Beautiful Barbuda

by Jax on January 24, 2015

‘Beautiful Barbuda’ is the tagline of the behemoth that is the Barbuda tourism authority – I’m kidding, everything about this beautiful island is on the small scale. The island comprises 62 square miles, mostly flat, with a population of under 2000. Everyone is friendly and it feels very laid back and safe.
Two foot bay The beaches – white, or verging on pink depending on the light – and the sea – turquoise are undisputably beautiful. Anchoring off is the only option and although with care you can land the dinghy on the beaches which shelve quite steeply, it is not the easiest place to get ashore. There is no quay, no dinghy dock.

We have been spending a few days here whilst waiting for a friend to arrive in Antigua. You don’t really need more than a day to see the island, but it’s a nice place to hang out and we’ve met some interesting people.

In the mornings we have been running barefoot on the beaches. In my opinion these are some of the best runs we have ever done. Adrian’s not so sure, but he does insist on running in the soft sand so it’s much harder work.
Running

Barbuda has never been developed in the same way as other islands because generally land is held communally and cannot be sold to outsiders, but since joining Antigua (‘under pressure from the English’, aren’t we marvellous?) there have been attempts to develop the island. Resistance remains for the time being, but how long this can continue remains to be seen. There is very little commerce on the island. There is a brand new large edifice by the quay in Codrington which seemed to have very little purpose. When we enquired as to it’s function we were informed that it was a ‘fisheries building’ apparently funded by the Japanese in return for sale of fishing rights….but that it was a bit of a white elephant. We also noticed some lots for sale on Palm Beach on the west of the island.
Barbuda Plot

From the west coast Codrington Lagoon separates the coast from the only town and the rest of the island, and the only way to get across is by water taxi.
Fortunately for us ‘Goldilox’ popped up on the beach to offer his assistance. I asked him if he was called Goldilox because he had 3 bears, and he replied ‘yes, I’ve had 3 beers’. I liked him.
Goldilocks
We negotiated a return trip across the lagoon and a visit to the Frigate bird sanctuary in the lagoon.

It is mating season for the Frigate birds, so we got to see the males inflate their bright red throat sacks to attract the females, and then they just sit around displaying their big red protuberance waiting to be chosen…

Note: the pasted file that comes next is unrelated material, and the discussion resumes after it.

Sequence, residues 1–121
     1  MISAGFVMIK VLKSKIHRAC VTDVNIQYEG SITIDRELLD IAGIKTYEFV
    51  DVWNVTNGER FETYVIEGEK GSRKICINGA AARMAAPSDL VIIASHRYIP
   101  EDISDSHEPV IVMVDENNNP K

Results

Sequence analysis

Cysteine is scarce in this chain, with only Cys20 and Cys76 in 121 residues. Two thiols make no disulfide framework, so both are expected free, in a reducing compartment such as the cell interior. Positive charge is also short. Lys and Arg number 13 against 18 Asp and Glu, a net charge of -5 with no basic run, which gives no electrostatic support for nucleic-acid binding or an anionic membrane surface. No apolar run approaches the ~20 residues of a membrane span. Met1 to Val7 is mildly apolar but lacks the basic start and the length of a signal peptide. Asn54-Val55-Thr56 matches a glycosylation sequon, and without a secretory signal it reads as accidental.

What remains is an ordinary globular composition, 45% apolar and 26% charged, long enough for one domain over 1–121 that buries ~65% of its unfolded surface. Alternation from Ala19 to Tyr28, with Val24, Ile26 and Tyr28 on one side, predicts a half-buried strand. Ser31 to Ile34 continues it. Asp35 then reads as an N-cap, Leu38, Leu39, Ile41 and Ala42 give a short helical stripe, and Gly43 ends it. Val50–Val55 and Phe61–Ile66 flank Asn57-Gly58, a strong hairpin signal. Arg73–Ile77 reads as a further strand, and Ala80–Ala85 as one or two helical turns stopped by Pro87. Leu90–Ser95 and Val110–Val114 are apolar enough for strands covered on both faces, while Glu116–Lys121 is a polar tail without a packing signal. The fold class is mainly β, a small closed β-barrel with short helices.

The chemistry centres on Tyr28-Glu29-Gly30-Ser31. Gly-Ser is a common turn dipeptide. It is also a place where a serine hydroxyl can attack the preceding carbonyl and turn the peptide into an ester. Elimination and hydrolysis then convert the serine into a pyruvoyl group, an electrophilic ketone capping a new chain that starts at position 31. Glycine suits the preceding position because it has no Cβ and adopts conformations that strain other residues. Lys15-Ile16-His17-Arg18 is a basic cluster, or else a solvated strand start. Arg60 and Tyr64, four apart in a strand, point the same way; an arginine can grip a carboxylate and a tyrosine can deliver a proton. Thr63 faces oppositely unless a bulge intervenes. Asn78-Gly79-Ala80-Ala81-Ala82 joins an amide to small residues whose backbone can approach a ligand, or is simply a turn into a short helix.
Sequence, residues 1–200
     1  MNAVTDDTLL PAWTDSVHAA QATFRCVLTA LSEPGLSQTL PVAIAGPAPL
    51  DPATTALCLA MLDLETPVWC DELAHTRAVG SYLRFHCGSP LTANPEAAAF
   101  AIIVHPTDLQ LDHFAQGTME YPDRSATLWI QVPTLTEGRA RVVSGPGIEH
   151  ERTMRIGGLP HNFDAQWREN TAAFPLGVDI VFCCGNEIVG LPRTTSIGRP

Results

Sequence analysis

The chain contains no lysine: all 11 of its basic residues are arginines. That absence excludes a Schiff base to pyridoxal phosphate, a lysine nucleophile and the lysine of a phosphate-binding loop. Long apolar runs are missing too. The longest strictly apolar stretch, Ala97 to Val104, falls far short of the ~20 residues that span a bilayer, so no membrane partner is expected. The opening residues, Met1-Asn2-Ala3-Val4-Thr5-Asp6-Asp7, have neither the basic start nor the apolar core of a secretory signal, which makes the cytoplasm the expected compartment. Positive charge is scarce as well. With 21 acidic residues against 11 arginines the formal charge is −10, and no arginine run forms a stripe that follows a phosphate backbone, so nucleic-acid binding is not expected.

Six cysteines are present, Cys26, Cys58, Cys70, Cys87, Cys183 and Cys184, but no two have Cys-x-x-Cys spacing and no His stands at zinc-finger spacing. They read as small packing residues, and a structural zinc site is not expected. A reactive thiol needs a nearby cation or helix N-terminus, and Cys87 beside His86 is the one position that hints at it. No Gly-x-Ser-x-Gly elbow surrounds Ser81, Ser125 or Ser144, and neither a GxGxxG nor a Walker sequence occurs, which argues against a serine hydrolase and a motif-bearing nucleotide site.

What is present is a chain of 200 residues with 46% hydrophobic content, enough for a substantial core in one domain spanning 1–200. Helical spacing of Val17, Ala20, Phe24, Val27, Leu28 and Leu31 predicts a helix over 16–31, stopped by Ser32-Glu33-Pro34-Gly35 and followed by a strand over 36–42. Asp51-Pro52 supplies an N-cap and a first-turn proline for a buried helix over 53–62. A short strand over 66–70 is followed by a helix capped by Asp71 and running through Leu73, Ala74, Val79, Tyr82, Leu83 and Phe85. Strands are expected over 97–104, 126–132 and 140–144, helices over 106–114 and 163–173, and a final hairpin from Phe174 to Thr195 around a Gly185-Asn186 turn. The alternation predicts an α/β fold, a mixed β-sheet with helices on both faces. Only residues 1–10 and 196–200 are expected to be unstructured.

Male Frigate Bird
According to Goldilox, if they don’t get lucky when mating season is over they fly off to the Galapagos, or the Yucatan and try their luck there. All of the males head off, even those who do pair up, leaving the female to maintain the nest and bring up baby (they only lay one egg)…..such an enlightened species!
We were fortunate enough to see birds mating and when I pointed this out to Goldilox he told us that the movement the males make when mating is the same as humans….and then gave us a quick demo! So, I’m still not sure whether that was Goldilox imitating a mating Frigate bird, or Goldilox imitating a mating Goldilox!

When the birds are paired up, the males collect sticks for the females to furnish the nests. Goldilox demonstrated this by throwing some twigs into the water, within only a few seconds a bird would swoop in to retrieve the sticks, with other males in hot pursuit, they would then chase him back to his nest trying to wrest the twigs of him before he could touch down.

Goldilox also showed us the upside down jelly fish that thrive in the shallow lagoon. They don’t look like jellyfish until you turn them over. And they have no sting, as evidenced by the picture of the girl holding one of them.
Jellyfish

Goldilox deposited us on the quay in Codrington and from there we cycled to Two Foot Bay where you can climb up through a cave onto the ‘Highlands’ (125 feet high at the highest point) for views over the north east coast. The roads are mostly unpaved, or are littered with potholes, but you will not be bothered by traffic, maybe the occasional donkey wandering across the road.
Donkeys
It is easy to get around by bike, but is not set up for tourism (there are only a couple of small exclusive resorts), so to make the most of it using a guide would probably be best. Doyle’s guides to the Leeward Islands focuses mostly on one guide, there are others – such as Goldilox – who are most helpful and also willing to negotiate on the ‘official’ prices mentioned in the guide.

{ 1 comment… read it below or add one }

Dawn & Jonathan Pooley April 26, 2015 at 22:22

Hi Adrian & Jax.
I have finally managed to track you down! It is Dawn & JP from the Outremer 51 ‘Escapade’ – we met at Janet’s beach bar in Barbuda. I hope your trip is going well and you are enjoying the Caribbean. Where have you been since we last saw you in Barbuda? Are you still planning on heading up to the US? We have totally changed plans and are heading down to Trinidad to haul out for hurricane season and have not decided which way yo head after that – back up in tot he Caribbean or onwards towards Panama – we will see. The best plan is no plan right?
Keep in touch and hope to see you again somewhere.

D&JP

PS – We were with Francois from Outremer at the BVI Spring Regatta – he says ‘Bonjour’!

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